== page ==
• An ethogram is the only way of recording an animal’s response to a situation.

     

  • Having a standardised and clearly described list of behaviours means they can be accurately recorded and utilised by anyone wishing to repeat the research.

     

Question 9
What do animal ‘choice tests’ allow us to measure?
  • Why an animal’s behaviour changes over time.

     

  • The physiological response of an animal to fear stimulus.

     

  • What the animal prefers and what it actively avoids.

     

Question 10
Using the principles of consumer-demand theory, an experiment was set up where a chicken was placed in a wire enclosure with the option to push through a weighted barrier that led to an enclosure with straw in it. The chicken continued to push through the barrier as its weight increased and would forage in the straw immediately after it gained access. What conclusions could be drawn from this experiment?
  • The chicken was willing to ‘pay a price’ to reach the straw which suggests that the straw was of significant value to the animal.

     

  • The chicken is physically healthy enough to push through weighted doors.

     

  • The chicken was not willing to use energy to reach the straw which suggests that the straw was not of value

     

Question 11
True or false? The sympathetic adrenal medullary (SAM) axis produces a fast acting response to stress to prepare the animal for fight or flight, while the hypothalamic pituitary adrenal (HPA) axis is slower but longer acting.
  • True

     

  • False

     

Question 12
Which one of the following statements is true?
  • The production of cortisol is associated with the HPA axis and is a useful measure of how stress changes over time

     

  • Adrenaline is associated with long term, chronic stress

     

  • The production of cortisol is associated with the SAM axis and can only be measured as part of the fight or flight response

     

Question 13
Read the following, and then consider the answer statements listed. For each answer option, decide if it is true or false. Mark each statement you believe to be true, and leave unmarked each answer you believe to be false.
Measuring cortisol is one way of assessing what situations cause an animal distress; in what ways can cortisol be measured?
  • Behaviour

     

  • Faeces

     

  • Blood

     

  • Air

     

  • Urine

     

  • Milk

     

  • Saliva

     

Question 14
True or false. It is better to use only physiological or only behavioural measures instead of using both to assess animal welfare.
  • True

     

  • False

     

 
Question 15
True or false. Only factors that affect the offspring after they are born can have an influence on their development, behaviour and health in later life.
  • True

     

  • False

     

Question 16
What is the ‘trust your eyes’ or ‘qualitative behaviour assessment’ approach for describing animal feelings, pioneered by Professor Wemelsfelder?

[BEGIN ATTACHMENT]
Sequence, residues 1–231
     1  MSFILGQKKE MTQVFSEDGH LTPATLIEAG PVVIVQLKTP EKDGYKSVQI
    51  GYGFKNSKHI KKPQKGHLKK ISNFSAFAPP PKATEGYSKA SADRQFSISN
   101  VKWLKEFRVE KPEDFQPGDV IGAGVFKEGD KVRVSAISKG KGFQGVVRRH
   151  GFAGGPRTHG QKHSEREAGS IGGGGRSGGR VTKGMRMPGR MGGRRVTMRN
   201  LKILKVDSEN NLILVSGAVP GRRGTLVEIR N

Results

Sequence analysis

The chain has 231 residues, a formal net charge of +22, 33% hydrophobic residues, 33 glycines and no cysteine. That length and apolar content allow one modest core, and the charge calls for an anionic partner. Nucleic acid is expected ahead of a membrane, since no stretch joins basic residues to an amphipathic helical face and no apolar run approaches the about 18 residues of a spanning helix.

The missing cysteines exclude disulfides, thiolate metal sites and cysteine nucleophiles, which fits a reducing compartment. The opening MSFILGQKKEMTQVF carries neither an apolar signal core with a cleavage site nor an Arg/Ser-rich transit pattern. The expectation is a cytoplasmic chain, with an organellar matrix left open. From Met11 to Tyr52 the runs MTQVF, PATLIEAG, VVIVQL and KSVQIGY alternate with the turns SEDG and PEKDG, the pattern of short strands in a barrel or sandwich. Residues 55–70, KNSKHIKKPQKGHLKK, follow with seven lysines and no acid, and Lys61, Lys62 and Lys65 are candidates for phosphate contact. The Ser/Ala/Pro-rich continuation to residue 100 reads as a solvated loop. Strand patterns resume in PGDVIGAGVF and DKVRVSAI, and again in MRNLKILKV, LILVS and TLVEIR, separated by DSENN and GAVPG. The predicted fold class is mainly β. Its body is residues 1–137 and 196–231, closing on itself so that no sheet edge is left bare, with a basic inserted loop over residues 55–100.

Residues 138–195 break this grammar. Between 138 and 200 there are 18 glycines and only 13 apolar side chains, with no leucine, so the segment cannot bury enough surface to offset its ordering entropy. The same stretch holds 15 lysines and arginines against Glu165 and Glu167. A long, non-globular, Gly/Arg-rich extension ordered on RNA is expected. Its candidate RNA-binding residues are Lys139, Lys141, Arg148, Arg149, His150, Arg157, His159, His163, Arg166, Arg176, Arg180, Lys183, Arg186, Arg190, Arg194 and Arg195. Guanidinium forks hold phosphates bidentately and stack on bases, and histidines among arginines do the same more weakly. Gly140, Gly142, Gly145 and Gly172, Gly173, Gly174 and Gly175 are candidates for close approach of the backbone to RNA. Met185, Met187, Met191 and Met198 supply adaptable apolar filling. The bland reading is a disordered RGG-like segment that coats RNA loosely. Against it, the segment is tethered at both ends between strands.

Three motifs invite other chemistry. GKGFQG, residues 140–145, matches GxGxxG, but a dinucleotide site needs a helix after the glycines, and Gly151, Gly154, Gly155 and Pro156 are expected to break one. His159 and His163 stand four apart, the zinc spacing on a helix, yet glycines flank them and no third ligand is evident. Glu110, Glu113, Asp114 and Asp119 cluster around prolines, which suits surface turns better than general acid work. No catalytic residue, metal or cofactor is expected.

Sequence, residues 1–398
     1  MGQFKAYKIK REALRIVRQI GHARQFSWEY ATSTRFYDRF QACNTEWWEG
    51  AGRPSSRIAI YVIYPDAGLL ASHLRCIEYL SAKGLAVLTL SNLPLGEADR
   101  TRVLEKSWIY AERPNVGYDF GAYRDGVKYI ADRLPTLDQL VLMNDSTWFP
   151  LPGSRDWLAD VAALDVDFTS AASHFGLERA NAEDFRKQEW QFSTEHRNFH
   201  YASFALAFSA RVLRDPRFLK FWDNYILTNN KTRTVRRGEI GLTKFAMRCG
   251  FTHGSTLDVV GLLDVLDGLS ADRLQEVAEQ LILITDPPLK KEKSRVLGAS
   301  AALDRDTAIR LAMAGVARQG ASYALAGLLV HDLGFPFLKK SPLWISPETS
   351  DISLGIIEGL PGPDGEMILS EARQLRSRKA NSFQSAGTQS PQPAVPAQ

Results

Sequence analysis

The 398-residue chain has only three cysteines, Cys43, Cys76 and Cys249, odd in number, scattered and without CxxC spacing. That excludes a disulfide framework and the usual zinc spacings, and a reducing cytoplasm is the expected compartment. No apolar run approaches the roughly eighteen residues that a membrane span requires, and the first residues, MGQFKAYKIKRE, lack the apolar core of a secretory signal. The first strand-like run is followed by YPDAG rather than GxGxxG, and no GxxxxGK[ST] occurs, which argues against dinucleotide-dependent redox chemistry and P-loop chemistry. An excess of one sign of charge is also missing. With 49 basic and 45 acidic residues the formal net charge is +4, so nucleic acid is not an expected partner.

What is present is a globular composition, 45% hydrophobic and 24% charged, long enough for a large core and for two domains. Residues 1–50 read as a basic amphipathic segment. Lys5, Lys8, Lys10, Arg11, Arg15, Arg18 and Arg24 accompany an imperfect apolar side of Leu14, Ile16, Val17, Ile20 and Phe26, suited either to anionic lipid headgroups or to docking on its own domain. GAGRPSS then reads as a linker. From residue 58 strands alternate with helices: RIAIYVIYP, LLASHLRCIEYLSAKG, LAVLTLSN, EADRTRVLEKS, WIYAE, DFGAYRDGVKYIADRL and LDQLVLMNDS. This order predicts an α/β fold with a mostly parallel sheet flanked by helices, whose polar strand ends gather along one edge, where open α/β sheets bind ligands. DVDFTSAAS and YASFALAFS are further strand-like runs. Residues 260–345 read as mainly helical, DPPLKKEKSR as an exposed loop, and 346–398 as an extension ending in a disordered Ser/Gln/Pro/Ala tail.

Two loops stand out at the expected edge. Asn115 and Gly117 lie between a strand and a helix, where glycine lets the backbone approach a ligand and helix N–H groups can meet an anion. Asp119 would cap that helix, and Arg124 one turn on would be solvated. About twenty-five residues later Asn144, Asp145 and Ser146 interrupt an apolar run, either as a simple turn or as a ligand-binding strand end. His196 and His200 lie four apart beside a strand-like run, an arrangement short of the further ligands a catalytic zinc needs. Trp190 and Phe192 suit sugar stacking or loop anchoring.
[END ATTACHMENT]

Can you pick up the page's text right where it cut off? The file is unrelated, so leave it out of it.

• A holistic method of assessing animal welfare that allows people to describe animal emotion without using objective measures; people showed surprising agreement and reliability in their labelling of behaviours

     

  • Research that focused on the use of eye movement to describe an animal’s response to stimuli; left eye movements indicate distress

     

  • An approach that uses colours rather than words to describe animal emotion

     

Week- 4
Module 4 – The Truth About Dogs and Cats

 
 
Question 1
There are numerous domains or aspects of animal welfare. Which statement best describes the most appropriate indicators of welfare?
 
  • The naturalness of an animal’s existence is the most important; if an animal is not in a natural environment it will have poor welfare.

     

  • Health is the most important aspect of animal welfare; we can measure health by studying animal behaviour.

     

  • Considering a combination of animal nutrition, environment, health, behaviour and mental or affective state is important in getting an overall picture of welfare.

     

  • Nutrition, environment, health and behaviour are important but the affective mental state of an animal is unmeasurable and unimportant.

     

 
Question 2
True or False. Owning a pet has been linked to health benefits, reduction in stress and development of empathy.
 
  • True

     

  • False

     

 
Question 3
Which one of the following statements is FALSE?
 
  • The welfare needs of an animal are different depending on whether they are a pet, a stray or in a shelter.

     

  • It is important to consider both physical and mental aspects of animal welfare when deciding whether an animal is suffering.

     

  • The welfare challenges that an animal faces will be very different depending on the situation of the animal, e.g. whether it is stray, a pet or in a shelter.

     

 
Question 4
Read the following, and then consider the answer statements listed. For each answer option, decide if it is true or false. Mark all of the true statements and leave the false statements unmarked.
 
Which of the statements below describe welfare problems frequently seen in animals kept as pets?
 
  • Voluntary socialisation with their own species